Fifty one of Europe’s biggest banks are being assessed by the European Banking Authority (EBA) and the results could expose weaknesses in lenders from across the region and provide a health check for the sector as a whole.
The findings, which will be published today (July 29), are unlike previous years in that they will not give a ‘pass’ or ‘fail’ rating, while the tests have been criticised for examining a smaller number of banks than previous years.
Commentators have argued this omissions means investors are unable to assess the health of the European banking system properly at a time when there is increased scrutiny.
Under particularly strong focus is the world’s oldest bank Monte dei Paschi di Siena (MPS), which has already been bailed out twice and is in need of more capital. The Italian banking sector has come under criticism for the level of non-performing loans (NLPs) in the system.
Against this backdrop, Citywire Selector asked leading managers for their views on how the results of the stress tests would impact the market.
Time to test stability
Citywire AA-rated Anthony Smouha has 4.5% exposure to Lloyds in his GAM Star Opportunities fund, with 2.8% allocated to HSBC, which are two UK banks being examined under the stress tests. However, he has no holdings in Italian banks.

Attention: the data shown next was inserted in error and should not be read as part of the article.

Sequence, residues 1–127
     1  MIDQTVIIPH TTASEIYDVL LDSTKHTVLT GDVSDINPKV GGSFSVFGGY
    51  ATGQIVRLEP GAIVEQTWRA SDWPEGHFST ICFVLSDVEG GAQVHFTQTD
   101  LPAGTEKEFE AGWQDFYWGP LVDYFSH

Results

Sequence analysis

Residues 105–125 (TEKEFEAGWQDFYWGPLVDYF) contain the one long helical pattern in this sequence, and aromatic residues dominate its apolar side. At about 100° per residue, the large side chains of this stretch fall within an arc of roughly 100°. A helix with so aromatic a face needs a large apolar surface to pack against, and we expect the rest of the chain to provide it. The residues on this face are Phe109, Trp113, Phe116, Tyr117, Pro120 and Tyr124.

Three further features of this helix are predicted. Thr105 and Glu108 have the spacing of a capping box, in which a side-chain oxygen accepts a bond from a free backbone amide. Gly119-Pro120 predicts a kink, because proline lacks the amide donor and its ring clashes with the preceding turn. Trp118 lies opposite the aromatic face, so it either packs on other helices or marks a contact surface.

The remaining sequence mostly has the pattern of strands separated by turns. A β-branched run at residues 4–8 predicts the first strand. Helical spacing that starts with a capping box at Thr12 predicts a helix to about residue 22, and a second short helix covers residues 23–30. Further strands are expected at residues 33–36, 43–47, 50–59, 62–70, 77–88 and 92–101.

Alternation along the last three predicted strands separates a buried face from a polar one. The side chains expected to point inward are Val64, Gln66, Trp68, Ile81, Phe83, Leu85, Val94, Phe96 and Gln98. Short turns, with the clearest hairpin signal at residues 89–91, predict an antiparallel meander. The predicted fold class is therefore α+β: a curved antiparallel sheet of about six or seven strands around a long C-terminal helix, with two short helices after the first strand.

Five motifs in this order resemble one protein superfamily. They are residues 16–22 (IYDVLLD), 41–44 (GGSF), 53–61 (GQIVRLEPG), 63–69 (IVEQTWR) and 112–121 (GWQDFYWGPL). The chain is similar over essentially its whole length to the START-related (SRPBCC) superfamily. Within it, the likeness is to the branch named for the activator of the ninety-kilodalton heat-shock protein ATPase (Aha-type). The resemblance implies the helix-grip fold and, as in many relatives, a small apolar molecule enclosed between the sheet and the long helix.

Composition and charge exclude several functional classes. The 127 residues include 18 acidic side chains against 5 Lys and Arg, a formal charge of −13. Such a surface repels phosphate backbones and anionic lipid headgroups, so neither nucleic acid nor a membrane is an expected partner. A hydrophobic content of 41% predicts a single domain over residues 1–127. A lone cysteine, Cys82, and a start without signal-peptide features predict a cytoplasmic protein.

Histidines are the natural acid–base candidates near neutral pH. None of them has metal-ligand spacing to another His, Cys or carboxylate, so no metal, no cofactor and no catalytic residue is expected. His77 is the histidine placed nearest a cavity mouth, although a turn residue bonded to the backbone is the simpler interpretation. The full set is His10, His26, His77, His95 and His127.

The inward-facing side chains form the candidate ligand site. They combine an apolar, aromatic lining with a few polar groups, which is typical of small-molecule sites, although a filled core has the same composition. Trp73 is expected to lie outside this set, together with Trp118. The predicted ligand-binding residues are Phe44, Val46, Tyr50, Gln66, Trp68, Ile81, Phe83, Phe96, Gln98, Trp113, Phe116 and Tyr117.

Each bank will have results which will come out and those will provide a way forward. There is the case of one specific bank in Italy where things clearly have to be done. There will be guidance on how to achieve that.
There will probably be some remarks on the stability of the banks and what needs to be done in the system. I would not expect to see anything shocking or surprising from these results, I think we already know about a lot of the things that will be identified.
The capital strengthening of the banks is a process which has been going on over many years. Following events earlier this year, the ECB is fully aware of moving too fast in this multi-year process, which could affect market sentiment.
Within the eurozone, there will be a continued movement towards this single supervisory mechanism, this single market. Within a number of years there will be a single system as opposed to disparate national systems, which is the way forward. At the end of the day one has to move towards this harmonisation and I think that will be a message of the stress test.
For all of the banks that we have in our core holdings, I don't see any issues. There may be specific recommendations for these banks, but on a top down basis I see it as "business as usual".